National Geographic : 2015 Aug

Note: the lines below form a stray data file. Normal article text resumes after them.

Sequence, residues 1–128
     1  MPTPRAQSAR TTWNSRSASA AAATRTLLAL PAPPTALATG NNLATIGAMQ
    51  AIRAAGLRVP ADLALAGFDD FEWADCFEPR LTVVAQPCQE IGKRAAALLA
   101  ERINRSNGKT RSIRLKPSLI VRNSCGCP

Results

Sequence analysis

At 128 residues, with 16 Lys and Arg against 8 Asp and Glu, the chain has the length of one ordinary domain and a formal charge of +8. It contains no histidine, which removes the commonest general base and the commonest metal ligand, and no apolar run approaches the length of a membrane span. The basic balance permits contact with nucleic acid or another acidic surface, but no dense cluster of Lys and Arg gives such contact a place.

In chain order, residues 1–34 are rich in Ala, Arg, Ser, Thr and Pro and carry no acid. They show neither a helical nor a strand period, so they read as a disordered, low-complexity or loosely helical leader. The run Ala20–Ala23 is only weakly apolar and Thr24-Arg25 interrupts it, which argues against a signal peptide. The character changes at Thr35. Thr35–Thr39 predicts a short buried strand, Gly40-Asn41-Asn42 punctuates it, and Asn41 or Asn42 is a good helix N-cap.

72 national geographic • august 2015 Razik is an entrepreneur, one of the few to glimpse possibility in Lake Turkana beyond hand-to-mouth survival. He lives in Selicho and married a Daasanach woman, but he is an Arab Kenyan, originally from the ocean coast. He owns four boats and sometimes brings a truck from Nairobi carrying a shipping contain- er packed with ice. He buys the catches of his neighbors, fills his container over several days with two or three tons of fish, then returns to Nairobi, where he sells the haul. Before coming to Lake Turkana, Razik had worked for years in a fish-processing plant in Kisumu, a city on the shore of Lake Victoria, far to the south. Victoria is Africa’s largest lake, shared by Kenya, Uganda, and Tanzania. It supports a multimillion-dollar fishing industry that supplies hungry regional markets and also annually exports to Europe thousands of tons of Nile perch. High demand has severely stressed Lake Vic- toria’s ecology, and the industry’s success has brought many boomtown problems—lakeside slums, drugs, crime, poor wages and working conditions. Eventually Razik had had enough and left. “Besides,” he said, “the fishing was get- ting worse. The perch were disappearing.” Razik considered his options. Lake Turkana had no industrial fishing operations, none of the boomtown by-products. Living would be rougher, perhaps dangerous. But competition would be low, and the lake did have Nile perch— just like the beast that lay in a heap of scale and muscle at the bottom of his boat. Six years he has lived among the Daasanach. His business has grown profitable, and he’s come to love the tribe. It’s not always easy to be a Muslim in Kenya, but the Daasanach have never cared about his religion; his wife has even converted. Beyond that, Razik said, people in Selicho are peaceful and do not overfish. He plans to stay, to raise children in the small two- room house where he sometimes repairs motor- bikes in the kitchen. As long as there are peace and perch and ice for his shipping containers, a man can be happy. He can see possibilities. Until he looks north. Some 450 miles up the Omo River, in Ethiopia, the hydroelectric dam called Gilgel Gibe III was completed in January. Much nearer Lake Tur- kana, enormous bulldozers crawl over the dry lands near the riverbanks, scraping the way for sugarcane and cotton. Soon the effects of this work will ripple down into Kenya, with poten- tially devastating consequences for the 90,000 tribal people who depend on the lake. “The Omo River is the umbilical cord for Lake Turkana. That’s the best way to think of the relationship,” said Sean Avery, an engineer- ing hydrologist who’s spent years studying and exploring the Omo-Turkana watershed. “If you cut that cord, the lake will die.” Avery lives in Kenya and has analyzed Ethio- pia’s plans for the river for the African Develop- ment Bank and other clients. In 2013 the African Armed with a homemade slingshot and mud balls, a girl guards her family’s sorghum crop near the lake from hungry birds. The grain is a staple for the Daasanach, who rely on seasonal flooding of the Omo River and its fertile riverbanks for agriculture.